It’s a great feeling to know that you can do something in your local community and you just know that you’re making a difference.  

Lowell Perman, Red Cross Sound the Alarm Volunteer

Before we started I told the Midco installer gentleman that we can switch off every other time if he wants and he can do the presentation and I can do the installing. So, after the first one I said do you wanna switch and he said absolutely not – you keep doing the talking and communicating with the people and I’ll do the installing so that really worked. We had a really good day, we made a great organized team and covered a lot of blocks.  It was always interesting to talk to people, to meet new people, and it was a really good feeling knowing that I was doing something really good in the community like installing smoke alarms.  

What was really interesting and amazing to me was, I believe, about 25% of the smoke alarms that we installed were replacement of ones that had missing pieces or were non-functional or were just too old and didn’t work. So it was actually giving people a false sense of security having smoke alarms in their house that actually didn’t work. So that was a great feeling replacing old smoke alarms.

Red Cross volunteer Lowell Perman is a Pillowcase Project instructor. Photo, used with permission, by Curt Nettinga/Huron Plainsman.

What was also fun was the little kids that were watching me and asking me ‘what are you doing to our house’ and I would say we’re fixing your house and I would take out one of the smoke alarms and do a little presentation to show them what it sounds like when it goes off by pressing the test button on the smoke alarm and to stay low and get out of the house and stay out if there’s a fire. And I would also talk to them and their family about picking a meeting spot outside to meet in case of a fire emergency at their house.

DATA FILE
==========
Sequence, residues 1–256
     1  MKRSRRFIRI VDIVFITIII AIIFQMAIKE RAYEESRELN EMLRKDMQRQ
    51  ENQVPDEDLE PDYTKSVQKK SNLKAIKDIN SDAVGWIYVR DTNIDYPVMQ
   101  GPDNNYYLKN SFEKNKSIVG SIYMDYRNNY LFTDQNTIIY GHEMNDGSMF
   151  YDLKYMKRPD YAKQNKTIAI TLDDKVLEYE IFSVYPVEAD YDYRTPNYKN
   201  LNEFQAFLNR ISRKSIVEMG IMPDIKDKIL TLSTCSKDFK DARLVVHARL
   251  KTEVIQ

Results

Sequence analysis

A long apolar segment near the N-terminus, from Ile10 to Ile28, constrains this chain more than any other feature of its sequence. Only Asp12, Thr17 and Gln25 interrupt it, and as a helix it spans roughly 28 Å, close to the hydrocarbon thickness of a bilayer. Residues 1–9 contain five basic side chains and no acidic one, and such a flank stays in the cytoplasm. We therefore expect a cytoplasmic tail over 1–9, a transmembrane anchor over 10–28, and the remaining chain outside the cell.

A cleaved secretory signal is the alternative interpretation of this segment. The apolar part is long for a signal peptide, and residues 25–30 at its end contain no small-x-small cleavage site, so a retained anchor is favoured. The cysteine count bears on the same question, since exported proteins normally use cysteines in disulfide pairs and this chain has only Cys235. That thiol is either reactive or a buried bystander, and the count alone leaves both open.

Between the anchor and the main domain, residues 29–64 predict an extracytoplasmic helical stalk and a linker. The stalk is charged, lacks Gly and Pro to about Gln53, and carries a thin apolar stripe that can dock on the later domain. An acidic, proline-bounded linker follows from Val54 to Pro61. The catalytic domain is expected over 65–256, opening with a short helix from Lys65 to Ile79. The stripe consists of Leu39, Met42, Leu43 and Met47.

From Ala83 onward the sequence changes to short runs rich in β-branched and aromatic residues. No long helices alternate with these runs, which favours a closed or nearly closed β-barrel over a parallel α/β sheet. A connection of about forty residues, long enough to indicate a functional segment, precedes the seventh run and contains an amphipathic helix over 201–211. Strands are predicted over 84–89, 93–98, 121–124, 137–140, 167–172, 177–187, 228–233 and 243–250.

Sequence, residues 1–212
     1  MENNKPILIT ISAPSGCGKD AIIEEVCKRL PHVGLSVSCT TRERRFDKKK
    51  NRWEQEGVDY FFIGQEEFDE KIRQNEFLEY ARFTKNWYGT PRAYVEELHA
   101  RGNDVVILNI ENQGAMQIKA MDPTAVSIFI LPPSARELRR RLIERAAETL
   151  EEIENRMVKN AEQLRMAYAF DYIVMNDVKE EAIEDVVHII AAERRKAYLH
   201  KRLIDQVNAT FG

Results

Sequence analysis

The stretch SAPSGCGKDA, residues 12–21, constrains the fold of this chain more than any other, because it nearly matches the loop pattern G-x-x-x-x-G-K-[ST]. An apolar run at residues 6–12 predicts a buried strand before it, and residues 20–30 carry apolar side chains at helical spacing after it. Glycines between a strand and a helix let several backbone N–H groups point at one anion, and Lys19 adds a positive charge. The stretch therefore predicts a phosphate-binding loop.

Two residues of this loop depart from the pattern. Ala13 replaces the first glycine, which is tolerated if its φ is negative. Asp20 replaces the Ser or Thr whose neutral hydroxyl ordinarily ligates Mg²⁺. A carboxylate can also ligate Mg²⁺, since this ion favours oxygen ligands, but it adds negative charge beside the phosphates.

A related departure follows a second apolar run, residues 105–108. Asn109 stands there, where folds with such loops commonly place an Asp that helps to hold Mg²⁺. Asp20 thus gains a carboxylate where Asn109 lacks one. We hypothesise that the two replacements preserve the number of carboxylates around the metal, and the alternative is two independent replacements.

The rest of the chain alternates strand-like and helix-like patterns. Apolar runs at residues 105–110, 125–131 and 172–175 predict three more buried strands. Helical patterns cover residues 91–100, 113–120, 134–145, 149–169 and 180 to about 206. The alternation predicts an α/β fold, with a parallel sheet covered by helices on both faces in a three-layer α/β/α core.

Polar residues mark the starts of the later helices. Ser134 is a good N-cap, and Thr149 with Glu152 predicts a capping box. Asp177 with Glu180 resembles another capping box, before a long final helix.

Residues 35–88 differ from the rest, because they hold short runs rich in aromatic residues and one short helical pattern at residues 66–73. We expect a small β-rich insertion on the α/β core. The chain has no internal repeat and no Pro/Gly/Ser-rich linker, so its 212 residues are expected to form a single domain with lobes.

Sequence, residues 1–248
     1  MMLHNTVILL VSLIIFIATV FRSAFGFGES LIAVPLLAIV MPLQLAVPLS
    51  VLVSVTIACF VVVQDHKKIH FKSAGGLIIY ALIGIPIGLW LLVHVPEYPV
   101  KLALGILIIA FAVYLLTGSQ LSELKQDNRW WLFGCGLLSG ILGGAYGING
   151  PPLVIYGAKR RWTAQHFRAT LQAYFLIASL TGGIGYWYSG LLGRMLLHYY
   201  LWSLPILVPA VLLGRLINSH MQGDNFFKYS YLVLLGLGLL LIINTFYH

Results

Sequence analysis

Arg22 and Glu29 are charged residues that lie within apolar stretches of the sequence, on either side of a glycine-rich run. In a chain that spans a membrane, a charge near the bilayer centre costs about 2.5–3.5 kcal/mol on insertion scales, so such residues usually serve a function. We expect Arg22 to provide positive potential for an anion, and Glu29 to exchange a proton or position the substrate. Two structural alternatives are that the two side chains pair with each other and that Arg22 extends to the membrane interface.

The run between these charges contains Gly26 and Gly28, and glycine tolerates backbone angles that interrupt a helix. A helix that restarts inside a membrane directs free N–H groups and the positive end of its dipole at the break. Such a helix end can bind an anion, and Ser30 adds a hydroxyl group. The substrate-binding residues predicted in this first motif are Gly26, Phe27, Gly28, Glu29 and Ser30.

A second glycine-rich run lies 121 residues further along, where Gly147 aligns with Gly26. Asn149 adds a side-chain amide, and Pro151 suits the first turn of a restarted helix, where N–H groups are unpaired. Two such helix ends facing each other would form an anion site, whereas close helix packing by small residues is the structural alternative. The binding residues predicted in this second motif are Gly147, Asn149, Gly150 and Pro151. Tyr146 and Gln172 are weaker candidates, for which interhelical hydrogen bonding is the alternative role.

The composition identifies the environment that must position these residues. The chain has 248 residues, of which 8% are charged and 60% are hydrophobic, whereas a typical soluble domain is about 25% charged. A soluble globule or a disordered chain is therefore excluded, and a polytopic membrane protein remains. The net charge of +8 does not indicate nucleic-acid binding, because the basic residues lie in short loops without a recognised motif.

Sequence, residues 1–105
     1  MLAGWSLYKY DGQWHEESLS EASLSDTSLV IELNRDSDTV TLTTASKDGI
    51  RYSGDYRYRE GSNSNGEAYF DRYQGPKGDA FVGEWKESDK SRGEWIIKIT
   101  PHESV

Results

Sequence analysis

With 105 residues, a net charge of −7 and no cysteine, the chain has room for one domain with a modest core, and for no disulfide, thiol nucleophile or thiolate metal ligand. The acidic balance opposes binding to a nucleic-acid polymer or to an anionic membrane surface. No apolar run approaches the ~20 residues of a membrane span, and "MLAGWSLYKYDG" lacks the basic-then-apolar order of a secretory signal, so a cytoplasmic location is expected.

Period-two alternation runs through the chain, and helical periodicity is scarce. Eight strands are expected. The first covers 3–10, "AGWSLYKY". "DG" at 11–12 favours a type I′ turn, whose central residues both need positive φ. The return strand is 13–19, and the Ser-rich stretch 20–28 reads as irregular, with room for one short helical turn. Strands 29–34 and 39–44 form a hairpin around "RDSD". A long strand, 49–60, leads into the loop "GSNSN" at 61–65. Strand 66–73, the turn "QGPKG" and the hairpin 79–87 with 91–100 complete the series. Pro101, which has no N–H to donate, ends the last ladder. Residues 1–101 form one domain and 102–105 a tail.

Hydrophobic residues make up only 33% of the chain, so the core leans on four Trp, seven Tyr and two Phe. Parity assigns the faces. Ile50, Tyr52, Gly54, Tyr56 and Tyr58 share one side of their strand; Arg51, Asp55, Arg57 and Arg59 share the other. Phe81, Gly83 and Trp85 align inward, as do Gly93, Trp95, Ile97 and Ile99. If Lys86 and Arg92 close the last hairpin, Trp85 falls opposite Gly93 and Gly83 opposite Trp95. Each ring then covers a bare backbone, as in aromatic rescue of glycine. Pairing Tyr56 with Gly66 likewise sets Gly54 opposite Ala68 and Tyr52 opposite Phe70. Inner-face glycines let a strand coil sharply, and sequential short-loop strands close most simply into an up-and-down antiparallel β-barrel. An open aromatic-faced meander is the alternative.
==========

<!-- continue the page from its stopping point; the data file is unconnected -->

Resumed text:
It was a really fun project. I’ve also been paired with firefighters and that is a fun experience also going door to door. It’s a great feeling to know that you can do something in your local community and you just know that you’re making a difference.  

Lowell Perman is a volunteer with the American Red Cross serving Eastern South Dakota, which is part of the American Red Cross Minnesota and Dakotas Region. Sound the Alarm is a critical part of the national Red Cross Home Fire Campaign, which has helped save 1,243 lives, including 25 in our Minnesota and Dakotas region, since launching in October 2014. To volunteer for upcoming smoke alarm installation and home fire prevention activities, including events in Mobridge, SD, and Minot, ND, this May, click here.